Concept note and 2017 plan for the Survey of the Poor.
The Survey of the Poor is an initiative aimed at annually surveying 20,000 people living in poverty across 10-countries housing most of the world’s ultra-poor population. It will provide perceptual, attitudinal and behavioural dimensions that can be analyzed with standard income and expenditure metrics to inform innovation in both programs and policies aimed at ending poverty. The countries include India, Bangladesh, Pakistan, Indonesia, Nigeria, Ethiopia, DRC, South Africa, Bolivia, and Nicaragua.
Specifically, the research is aimed at identifying and measuring key challenges and felt-needs at different stages on the ‘ladder out of poverty,’ key intervention points and channels for programming and communication, as well as long-term tracking metrics on key targets of the Sustainable Development Goals (sanitation, water, etc.), gender issues, climate change, inequality, hope, education and training, and health, safety and security topics.
It has never been done. The World Bank’s decade-old “Voices of the Poor” qualitative study is the closest initiative that has addressed this need to deeply understand those living in poverty.
It needs to be done. Giving voice to people living in poverty will unlock many insights essential to designing new interventions and policies aimed at ending poverty.
It can be done. While the methodological challenges are numerous, there is much knowledge and practical experience among social science practitioners that are involved in the Survey of the Poor that can ensure success and deliver actionable insights to aid and development practitioners.
We can do it. As shown in our 2016 Pilot Survey of the Poor in India, the GlobeScan Foundation team can successfully conduct insightful survey research with the ultra-poor population in both urban and rural areas, and deliver policy-relevant analysis to decision-makers.
Building on two years of development and piloting in India, the first Survey of the Poor will be conducted across 5-10 countries (depending on funding) in late 2017, with findings communicated widely through the first half of 2018.
The second and third annual Survey of the Poor will be conducted in late 2018 and 2019 across the same 10 countries, focusing on different aspects of poverty including the Global Goals, gender issues, climate change, education, and health care.
Following the third annual Survey of the Poor, the GlobeScan Foundation expects to be able to continue tracking key metrics through a syndicated Survey of the Poor study supported by global companies, multilateral agencies and civil society organizations (similar to GlobeScan’s syndicated 20-nation RADAR public opinion survey, conducted annually since 1997.)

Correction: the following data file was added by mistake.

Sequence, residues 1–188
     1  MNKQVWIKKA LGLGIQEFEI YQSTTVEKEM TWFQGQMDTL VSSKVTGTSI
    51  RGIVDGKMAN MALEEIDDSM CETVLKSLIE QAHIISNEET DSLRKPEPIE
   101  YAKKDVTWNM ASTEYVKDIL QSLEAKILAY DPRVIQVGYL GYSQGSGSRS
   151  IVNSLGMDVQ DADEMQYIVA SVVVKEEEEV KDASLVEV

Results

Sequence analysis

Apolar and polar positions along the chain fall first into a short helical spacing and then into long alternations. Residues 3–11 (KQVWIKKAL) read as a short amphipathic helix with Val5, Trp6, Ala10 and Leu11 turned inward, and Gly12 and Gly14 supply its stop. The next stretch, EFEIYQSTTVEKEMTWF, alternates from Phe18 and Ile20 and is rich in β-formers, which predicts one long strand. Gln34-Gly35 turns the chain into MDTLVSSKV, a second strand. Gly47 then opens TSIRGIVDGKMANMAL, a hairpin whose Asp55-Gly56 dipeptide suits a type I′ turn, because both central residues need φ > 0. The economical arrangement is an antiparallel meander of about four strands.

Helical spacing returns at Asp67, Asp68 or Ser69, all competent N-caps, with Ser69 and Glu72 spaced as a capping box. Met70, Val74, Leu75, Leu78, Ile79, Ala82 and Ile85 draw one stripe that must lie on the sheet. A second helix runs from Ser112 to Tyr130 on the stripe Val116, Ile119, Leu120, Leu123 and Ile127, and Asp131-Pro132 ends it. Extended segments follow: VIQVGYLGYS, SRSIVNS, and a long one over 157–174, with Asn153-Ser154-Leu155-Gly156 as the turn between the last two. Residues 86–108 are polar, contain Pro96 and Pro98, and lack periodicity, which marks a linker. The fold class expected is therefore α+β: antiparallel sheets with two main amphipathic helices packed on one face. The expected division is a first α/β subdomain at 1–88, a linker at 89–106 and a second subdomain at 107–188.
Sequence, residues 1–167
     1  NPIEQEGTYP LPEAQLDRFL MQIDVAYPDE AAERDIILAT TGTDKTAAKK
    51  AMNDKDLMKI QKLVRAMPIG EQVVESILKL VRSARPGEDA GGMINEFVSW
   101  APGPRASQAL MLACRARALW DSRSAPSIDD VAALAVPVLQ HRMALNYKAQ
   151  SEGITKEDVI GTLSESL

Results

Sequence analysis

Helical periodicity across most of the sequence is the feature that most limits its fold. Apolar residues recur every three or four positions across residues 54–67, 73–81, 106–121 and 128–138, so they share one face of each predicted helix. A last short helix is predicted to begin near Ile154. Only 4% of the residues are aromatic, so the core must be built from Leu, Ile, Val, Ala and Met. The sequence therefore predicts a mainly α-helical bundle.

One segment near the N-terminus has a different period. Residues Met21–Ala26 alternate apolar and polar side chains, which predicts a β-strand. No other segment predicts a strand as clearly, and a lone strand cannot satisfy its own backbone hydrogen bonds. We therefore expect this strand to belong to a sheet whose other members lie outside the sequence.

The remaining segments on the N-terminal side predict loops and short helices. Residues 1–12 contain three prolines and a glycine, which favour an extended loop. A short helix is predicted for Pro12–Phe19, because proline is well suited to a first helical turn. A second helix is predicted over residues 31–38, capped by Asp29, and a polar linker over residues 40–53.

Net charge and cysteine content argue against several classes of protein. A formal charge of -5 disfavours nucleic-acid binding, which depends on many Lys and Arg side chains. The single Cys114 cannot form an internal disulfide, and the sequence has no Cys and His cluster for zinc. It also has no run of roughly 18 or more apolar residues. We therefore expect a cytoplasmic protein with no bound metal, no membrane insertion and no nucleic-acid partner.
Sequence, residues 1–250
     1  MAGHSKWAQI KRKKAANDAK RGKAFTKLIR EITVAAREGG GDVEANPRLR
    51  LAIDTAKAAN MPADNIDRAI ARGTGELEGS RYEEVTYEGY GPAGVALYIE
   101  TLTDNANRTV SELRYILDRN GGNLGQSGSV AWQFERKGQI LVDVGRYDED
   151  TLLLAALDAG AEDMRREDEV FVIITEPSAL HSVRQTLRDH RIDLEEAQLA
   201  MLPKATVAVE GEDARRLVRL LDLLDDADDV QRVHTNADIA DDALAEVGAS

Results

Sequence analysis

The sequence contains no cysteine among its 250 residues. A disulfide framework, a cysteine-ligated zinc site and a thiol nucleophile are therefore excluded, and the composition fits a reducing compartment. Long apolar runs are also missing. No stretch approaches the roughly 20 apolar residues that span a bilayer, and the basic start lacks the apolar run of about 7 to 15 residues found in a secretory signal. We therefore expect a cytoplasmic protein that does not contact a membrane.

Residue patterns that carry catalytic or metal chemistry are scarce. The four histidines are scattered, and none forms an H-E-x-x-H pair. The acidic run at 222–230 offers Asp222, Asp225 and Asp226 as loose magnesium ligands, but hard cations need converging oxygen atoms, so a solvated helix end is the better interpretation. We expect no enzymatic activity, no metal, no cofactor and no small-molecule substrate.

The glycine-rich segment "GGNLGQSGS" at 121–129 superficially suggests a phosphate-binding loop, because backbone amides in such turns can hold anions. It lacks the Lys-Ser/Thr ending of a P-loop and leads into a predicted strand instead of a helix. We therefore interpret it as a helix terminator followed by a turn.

The surveys will be mainly conducted using face-to-face interviewing by local people specially trained in data collection and supervised by respected research institutes in each country. Satellite imagery of the poorest areas of the countries surveyed will be used to select random sample points for interviewers.
The questionnaire includes some widely-used questions to measure objective and subjective wellbeing, as well as income, assets, and expenditures. This will enable analysis with other available data sets for maximum usefulness, while also enabling other researchers and practitioners to directly assimilate the behavioural and attitudinal dimensions, and advanced statistical analysis, uniquely available through the Survey of the Poor.
The initiative will continue as it was begun – as a collaboration involving a wide range of aid and development agencies, philanthropic foundations and over 20 social scientists convened over the last year by the GlobeScan Foundation.
Communication of research findings and their application to development programs and policies will be a key part of the initiative. Building on established relationships with the BBC World Service and The Economist, the GlobeScan Foundation will widely socialize the survey results through knowledgeable publics as well as directly to aid and development organizations worldwide.
The annual budget for the Survey of the Poor initiative – interviewing 20,000 people living in poverty across 10 countries and widely communicating the resulting insights – is US$2.4 million. This budget will be shared across six funders at US$400,000 per year each. Funders are being asked to commit to three years funding, to help ensure the broad use and sustainability of the Survey of the Poor.
The GlobeScan Foundation is dedicated to helping achieve a more sustainable and just world for all. To accomplish this, we develop and apply a range of social science tools to give voice to global publics, help unlock collaboration and accelerate progress.
We build on the global research capabilities of GlobeScan Incorporated (founded in 1987), including well-established working relationships with research institutes around the world. GlobeScan is best known for conducting the 20-country BBC World Service Poll on topical issues (annually since 2005), for its annual syndicated Radar public opinion research service across G20 countries, for its respected thought leadership on corporate social responsibility and sustainability, and for its balanced client list that includes major global companies (Unilever, Disney, IKEA), civil society organizations (Gates Foundation, ICRC, Amnesty), and multilateral agencies (IMF, ADB, WHO).
Established in 2012, the GlobeScan Foundation is a federally-incorporated not-for-profit private foundation based in Canada. Our president, Doug Miller, is a widely quoted global pollster (BBC, The Economist’s “World in 2016”), and author of “Can the World Be Wrong? Where global public opinion says we’re headed” (Greenleaf 2016).
For more information and background on the Survey of the Poor initiative, please visit the Survey of the Poor pages on our website, or contact:
Eric West, Foundation Development
T: +1 519 370 0300